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Each year, mayors across the nation detail their vision for their city’s future in a seminal address — their state of the city speech. These speeches have taken on new significance as mayors emerge as focal points in the intergovernmental context. While many state and federal partners are mired in political gridlock or actively disinvesting in cities, mayors consistently demonstrate the capacity and willingness to solve complex problems that are shaped by local realities and have broad national implications. Follow this link to access the complete report. Sourced from CitiesSpeak
Smart wheelchairs, speakers that can turn on lights and other technology will be considered as part of care plans for Ohioans with developmental disabilities under an executive order signed Thursday by Gov. John Kasich. Follow this link to read the complete article. Sourced from Government Technology
For the first time since the Great Recession of the late 2000s, the fiscal position of the states is looking bright. The economy is growing more rapidly than anytime over the last decade, causing state revenues to rebound, and many states will see additional revenues as a result of last year's federal tax overhaul. Follow this link to read the complete article. Sourced from Governing
Remember white flight? A few generations ago, millions of white Americans left major cities for the suburbs. Their departures were aided, in part, by the growth of the highway system. But they were also motivated by race, as schools and neighborhoods started to desegregate. Now that more minorities are moving into the suburbs themselves -- a majority of minority residents of major metropolitan areas now live in suburbs, according to the Brookings Institution -- white flight is happening all over again. Follow this link to read the complete article. Sourced from Governing  
Academics are starting to disagree about whether low-income children actually hear fewer words than wealthy children by age 4—known as the “30 million word gap”—undercutting significant intervention efforts to close achievement gaps in early development. Follow this link to read the complete story. Sourced from Brookings  
Ask any local elected leader about their top priorities and they will likely tell you about workforce development and quality jobs that help workers provide for their families. While early childhood education may not be the next thing you immediately think of, there are several important connections between the role of early childhood and a city’s workforce development efforts. Follow this link to read the complete article. Sourced from CitiesSpeak
In many ways, the city of Columbus, Ohio, is an outlier among its peers. It’s the most populous city in Ohio (with 886,000 residents) — despite Cleveland and Cincinnati being perhaps better known — and its metropolitan area, with 2.1 million, leads the Buckeye State as well. And unlike many other cities in America’s so-called “Rust Belt”, Columbus has proven itself more than well-prepared for the transition to the knowledge economy. As a state capital and the home of the Ohio State University, Columbus is well on its way to embracing the new economy. Follow this link to read the complete story. Sourced from CitiesSpeak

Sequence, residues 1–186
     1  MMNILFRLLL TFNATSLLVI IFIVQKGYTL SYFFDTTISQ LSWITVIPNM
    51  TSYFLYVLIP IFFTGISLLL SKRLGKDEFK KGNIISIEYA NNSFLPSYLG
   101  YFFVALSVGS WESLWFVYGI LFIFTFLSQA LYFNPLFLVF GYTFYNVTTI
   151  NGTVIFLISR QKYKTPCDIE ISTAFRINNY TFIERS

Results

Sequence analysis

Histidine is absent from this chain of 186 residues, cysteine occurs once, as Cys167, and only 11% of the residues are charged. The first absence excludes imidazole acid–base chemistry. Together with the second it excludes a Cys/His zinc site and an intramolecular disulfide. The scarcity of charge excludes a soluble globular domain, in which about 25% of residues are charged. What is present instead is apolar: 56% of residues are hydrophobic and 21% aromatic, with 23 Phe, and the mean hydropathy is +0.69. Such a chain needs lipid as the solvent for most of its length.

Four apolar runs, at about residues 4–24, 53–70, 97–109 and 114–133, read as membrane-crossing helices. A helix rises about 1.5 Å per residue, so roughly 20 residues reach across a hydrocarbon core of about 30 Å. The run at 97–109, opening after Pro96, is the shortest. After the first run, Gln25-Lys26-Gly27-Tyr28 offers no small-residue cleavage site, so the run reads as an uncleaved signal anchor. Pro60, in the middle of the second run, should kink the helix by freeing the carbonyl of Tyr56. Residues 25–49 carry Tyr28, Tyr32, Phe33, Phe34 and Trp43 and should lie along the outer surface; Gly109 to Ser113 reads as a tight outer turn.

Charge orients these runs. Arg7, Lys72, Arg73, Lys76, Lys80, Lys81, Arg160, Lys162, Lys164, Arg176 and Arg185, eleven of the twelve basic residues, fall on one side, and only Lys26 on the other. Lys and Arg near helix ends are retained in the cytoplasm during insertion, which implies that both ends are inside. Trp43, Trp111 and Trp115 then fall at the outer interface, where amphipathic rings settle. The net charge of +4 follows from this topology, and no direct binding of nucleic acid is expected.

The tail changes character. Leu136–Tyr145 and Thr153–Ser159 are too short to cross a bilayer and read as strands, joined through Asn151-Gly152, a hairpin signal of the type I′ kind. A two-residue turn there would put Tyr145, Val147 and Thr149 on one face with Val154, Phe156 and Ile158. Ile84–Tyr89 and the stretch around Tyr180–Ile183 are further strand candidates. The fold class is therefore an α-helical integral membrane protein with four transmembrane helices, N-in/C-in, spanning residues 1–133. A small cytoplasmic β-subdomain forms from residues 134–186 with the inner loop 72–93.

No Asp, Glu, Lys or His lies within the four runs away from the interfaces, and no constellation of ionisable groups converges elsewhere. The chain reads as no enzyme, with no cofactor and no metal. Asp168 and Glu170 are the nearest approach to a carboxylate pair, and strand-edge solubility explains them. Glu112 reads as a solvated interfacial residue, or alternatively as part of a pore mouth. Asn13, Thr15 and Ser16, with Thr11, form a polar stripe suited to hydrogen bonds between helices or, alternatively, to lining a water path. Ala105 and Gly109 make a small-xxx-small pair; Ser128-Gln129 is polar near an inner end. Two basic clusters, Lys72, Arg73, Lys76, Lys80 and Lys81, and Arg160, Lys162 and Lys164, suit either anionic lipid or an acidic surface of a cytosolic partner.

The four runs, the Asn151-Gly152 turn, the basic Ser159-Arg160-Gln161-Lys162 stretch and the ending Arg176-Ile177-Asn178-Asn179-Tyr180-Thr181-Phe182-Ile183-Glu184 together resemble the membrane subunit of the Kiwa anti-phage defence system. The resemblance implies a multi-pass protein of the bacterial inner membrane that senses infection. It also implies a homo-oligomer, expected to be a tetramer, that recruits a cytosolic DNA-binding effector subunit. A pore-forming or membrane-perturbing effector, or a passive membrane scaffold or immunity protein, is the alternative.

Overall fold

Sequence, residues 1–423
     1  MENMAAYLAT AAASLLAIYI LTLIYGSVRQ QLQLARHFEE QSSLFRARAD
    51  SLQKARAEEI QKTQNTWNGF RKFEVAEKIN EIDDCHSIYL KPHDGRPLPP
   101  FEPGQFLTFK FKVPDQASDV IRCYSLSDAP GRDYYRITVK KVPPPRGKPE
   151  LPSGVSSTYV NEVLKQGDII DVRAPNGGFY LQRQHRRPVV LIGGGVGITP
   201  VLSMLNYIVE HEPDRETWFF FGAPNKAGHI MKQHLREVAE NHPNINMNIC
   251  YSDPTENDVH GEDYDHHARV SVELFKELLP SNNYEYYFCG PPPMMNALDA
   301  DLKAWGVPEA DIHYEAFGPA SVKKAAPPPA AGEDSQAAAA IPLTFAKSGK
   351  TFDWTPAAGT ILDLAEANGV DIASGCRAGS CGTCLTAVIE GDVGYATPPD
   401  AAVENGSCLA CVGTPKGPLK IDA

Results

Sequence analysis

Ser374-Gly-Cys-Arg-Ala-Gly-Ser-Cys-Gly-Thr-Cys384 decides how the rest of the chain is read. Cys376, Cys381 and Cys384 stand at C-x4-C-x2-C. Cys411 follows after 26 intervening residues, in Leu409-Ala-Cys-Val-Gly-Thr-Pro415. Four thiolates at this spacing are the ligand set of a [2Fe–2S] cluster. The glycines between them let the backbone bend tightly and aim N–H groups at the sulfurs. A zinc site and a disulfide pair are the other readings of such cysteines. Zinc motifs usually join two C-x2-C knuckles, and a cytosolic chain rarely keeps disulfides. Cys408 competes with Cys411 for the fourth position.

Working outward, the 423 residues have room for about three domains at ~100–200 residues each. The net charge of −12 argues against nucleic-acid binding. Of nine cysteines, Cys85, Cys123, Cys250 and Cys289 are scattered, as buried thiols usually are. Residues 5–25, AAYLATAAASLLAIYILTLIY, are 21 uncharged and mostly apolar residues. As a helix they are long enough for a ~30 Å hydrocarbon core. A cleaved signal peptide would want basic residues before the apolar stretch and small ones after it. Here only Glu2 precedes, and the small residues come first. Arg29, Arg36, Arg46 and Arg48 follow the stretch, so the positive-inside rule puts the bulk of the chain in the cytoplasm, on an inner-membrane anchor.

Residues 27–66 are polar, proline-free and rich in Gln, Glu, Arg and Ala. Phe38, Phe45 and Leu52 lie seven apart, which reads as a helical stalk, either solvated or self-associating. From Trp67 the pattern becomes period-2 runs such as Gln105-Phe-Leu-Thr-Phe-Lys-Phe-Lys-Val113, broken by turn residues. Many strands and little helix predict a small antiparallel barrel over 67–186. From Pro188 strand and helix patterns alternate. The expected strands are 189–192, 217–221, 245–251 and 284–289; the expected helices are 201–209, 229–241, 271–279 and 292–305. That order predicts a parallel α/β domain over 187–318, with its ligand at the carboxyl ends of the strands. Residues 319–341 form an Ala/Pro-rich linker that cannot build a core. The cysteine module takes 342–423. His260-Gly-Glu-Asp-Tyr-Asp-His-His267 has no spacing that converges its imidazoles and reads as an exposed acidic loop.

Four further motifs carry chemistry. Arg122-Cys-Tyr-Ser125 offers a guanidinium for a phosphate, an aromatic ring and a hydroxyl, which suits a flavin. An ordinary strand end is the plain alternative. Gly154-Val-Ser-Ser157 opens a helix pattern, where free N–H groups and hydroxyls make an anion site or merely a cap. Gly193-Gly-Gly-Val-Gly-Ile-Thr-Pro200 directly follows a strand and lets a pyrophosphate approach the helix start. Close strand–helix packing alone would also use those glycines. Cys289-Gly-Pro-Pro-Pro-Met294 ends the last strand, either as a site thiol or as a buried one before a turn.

The newly released operating system gives app developers access to a host of transportation-specific data from sources across the city. What if drivers of oversized trucks had an app showing all the low bridges in Franklin County? Or if a hungry family knew the location of the nearest open food bank? Or if senior citizens' locations and public-transportation routes could be analyzed together to find better ways for the older residents to get around? Follow this link to read the complete story. Sourced from GovTech
Washington State University Extension and the National Urban Extension Leaders are pleased to jointly announce the National Urban Extension Conference on “Innovation in the City: A Land Grant University Experience,” held in Seattle, Washington, May 20-23, 2019. The conference will provide opportunities for Extension professionals from all program areas to share their research and innovative educational strategies that address the needs of urban, suburban, and peri-urban populations as well as urban-rural interdependencies. Visit the NUEC19 website for more information.
During the May 24—June 1 period, the Extension Opioid Crisis Response Workgroup is hosting a series of webinars on Extension substance abuse programming that could be quickly shared across state lines and used to help address the growing opioid crisis.  The webinars are designed to share information about these programs and we will also offer an assessment of the nature of the programming, their purposes/targets, costs, and ease of sharing/adopting.  All are welcome to join the webinars live or view the recording at a later date.

To join any of the webinars go to http://ncrcrd.adobeconnect.com/ncrcrd, “enter as a guest” is by default already chosen. Type your name (First and Last) into the text box provided, and click on “Enter Room”. You are now in the meeting room for the webinar.

Follow this link for more information.  

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